John Bernard Lambe
icte-jlambe at johnlambe.com
Fri Mar 19 18:31:30 GMT 2004
We have to remember that whoever is writing the Department's submission
will presumably read ours first (and are probably doing so now), and we
presumably won't have the opportunity to see theirs before submitting
This gives them the opportunity to try to rebut our arguments in their
submission and their 'rebuttals' might need only to be convincing
enough to persuade non-technical people.
We could make the arguments more difficult to rebut (or give the
appearance of rebutting) by providing more detail (in effect, giving
the case against possible rebuttals).
For example, specifying why random sampling (for transfer of surplus)
is not a problem and how you could compare VVAT ballots to the
electronic record very accurately.
By the way, does anyone know anything about who is writing a submission
for the Department?
We could refer to existing DRE machines which support a VVAT:
There is one manufactured by ES&S (http://www.essvote.com/) (I don't
know whether it's on their web site).
Refer to the growth in voting systems which support a paper audit trail
in the US:
In her paper, "A Better Ballot Box"
(http://www.notablesoftware.com/1002evot.pdf), Dr. Mercuri cites a
survey of the use of voting machines by type in the US.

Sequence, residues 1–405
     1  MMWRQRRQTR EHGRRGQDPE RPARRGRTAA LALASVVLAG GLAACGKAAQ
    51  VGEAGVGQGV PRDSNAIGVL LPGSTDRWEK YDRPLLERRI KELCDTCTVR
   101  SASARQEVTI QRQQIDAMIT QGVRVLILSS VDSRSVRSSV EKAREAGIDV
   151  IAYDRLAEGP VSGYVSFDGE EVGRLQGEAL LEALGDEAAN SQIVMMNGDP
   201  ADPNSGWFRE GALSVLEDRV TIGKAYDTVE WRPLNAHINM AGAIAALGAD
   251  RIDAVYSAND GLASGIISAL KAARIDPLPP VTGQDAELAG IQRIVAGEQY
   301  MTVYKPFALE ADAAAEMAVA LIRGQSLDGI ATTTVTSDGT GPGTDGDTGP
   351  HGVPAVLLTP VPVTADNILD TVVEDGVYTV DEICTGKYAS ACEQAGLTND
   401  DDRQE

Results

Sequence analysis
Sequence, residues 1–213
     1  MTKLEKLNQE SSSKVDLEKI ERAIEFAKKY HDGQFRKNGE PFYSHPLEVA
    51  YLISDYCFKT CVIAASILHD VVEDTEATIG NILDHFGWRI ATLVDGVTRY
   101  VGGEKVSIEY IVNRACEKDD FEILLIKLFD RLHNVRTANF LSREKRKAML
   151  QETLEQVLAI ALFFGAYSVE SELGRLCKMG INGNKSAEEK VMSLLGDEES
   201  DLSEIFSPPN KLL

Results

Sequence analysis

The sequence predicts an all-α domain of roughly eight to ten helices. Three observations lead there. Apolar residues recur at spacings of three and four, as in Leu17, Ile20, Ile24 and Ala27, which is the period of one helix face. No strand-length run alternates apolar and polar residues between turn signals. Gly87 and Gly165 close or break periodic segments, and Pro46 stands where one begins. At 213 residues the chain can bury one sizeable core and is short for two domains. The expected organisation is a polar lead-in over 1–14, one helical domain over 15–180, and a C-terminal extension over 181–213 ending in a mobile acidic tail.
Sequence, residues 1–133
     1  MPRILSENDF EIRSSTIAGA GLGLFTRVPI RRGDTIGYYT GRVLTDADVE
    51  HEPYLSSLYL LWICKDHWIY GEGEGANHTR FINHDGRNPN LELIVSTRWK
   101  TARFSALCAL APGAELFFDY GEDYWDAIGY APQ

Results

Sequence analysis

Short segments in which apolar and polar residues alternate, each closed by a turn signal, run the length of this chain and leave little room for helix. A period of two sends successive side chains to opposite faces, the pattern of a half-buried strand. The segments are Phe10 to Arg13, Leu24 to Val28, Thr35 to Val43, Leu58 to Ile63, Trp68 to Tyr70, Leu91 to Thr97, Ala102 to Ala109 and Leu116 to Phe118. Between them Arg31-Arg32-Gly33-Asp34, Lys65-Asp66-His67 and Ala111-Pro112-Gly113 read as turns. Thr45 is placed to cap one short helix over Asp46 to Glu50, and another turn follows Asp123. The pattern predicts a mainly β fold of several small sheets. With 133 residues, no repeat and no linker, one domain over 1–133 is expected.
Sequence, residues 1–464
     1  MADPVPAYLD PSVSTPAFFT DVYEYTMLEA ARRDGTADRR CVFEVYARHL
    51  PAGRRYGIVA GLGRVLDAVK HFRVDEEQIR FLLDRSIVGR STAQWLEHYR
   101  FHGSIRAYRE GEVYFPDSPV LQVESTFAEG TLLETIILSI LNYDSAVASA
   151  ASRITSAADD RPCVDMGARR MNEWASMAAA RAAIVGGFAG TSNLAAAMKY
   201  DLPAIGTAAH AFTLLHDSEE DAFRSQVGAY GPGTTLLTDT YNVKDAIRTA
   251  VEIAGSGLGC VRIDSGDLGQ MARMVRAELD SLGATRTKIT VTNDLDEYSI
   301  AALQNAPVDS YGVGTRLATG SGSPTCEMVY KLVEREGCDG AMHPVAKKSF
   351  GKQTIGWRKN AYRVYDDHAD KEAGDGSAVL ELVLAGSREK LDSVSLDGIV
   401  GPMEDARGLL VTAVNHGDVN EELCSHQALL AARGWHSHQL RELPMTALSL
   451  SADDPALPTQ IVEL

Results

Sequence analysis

The total proportion of US counties using exclusively either paper
ballot, optical scan or punched card systems rose from 60.3% in 1980 to
71.9% in 2000 (this figure does not count counties which use multiple
Refer to US states which are planning to switch to optical scan
"Given enough time, a seal may be broken and repaired. If the attacker
has suitable resources, a counterfeit seal may even be manufactured."
That might sound like we are making claims that we have specific
information about this seal. I think that the wording should make it
clear that we are talking about seals in general, but that this still
applies to the system in question.
Maybe "Given enough time, any seal may be broken and repaired...".
We could remind the reader at this point, that the count centre PC does
not (as far as we can tell from the information released) have any
similar protection from tampering the hardware or software and that
tampering with the count centre PC is logistically easier since only
one machine has to be tampered with to throw an election in one
"there will be no evidence which might distinguish a vexatious action
from a valid one."
I suggest something like:
"there will be no evidence which might distinguish a vexatious action -
whether in good faith or malicous - from a valid one."
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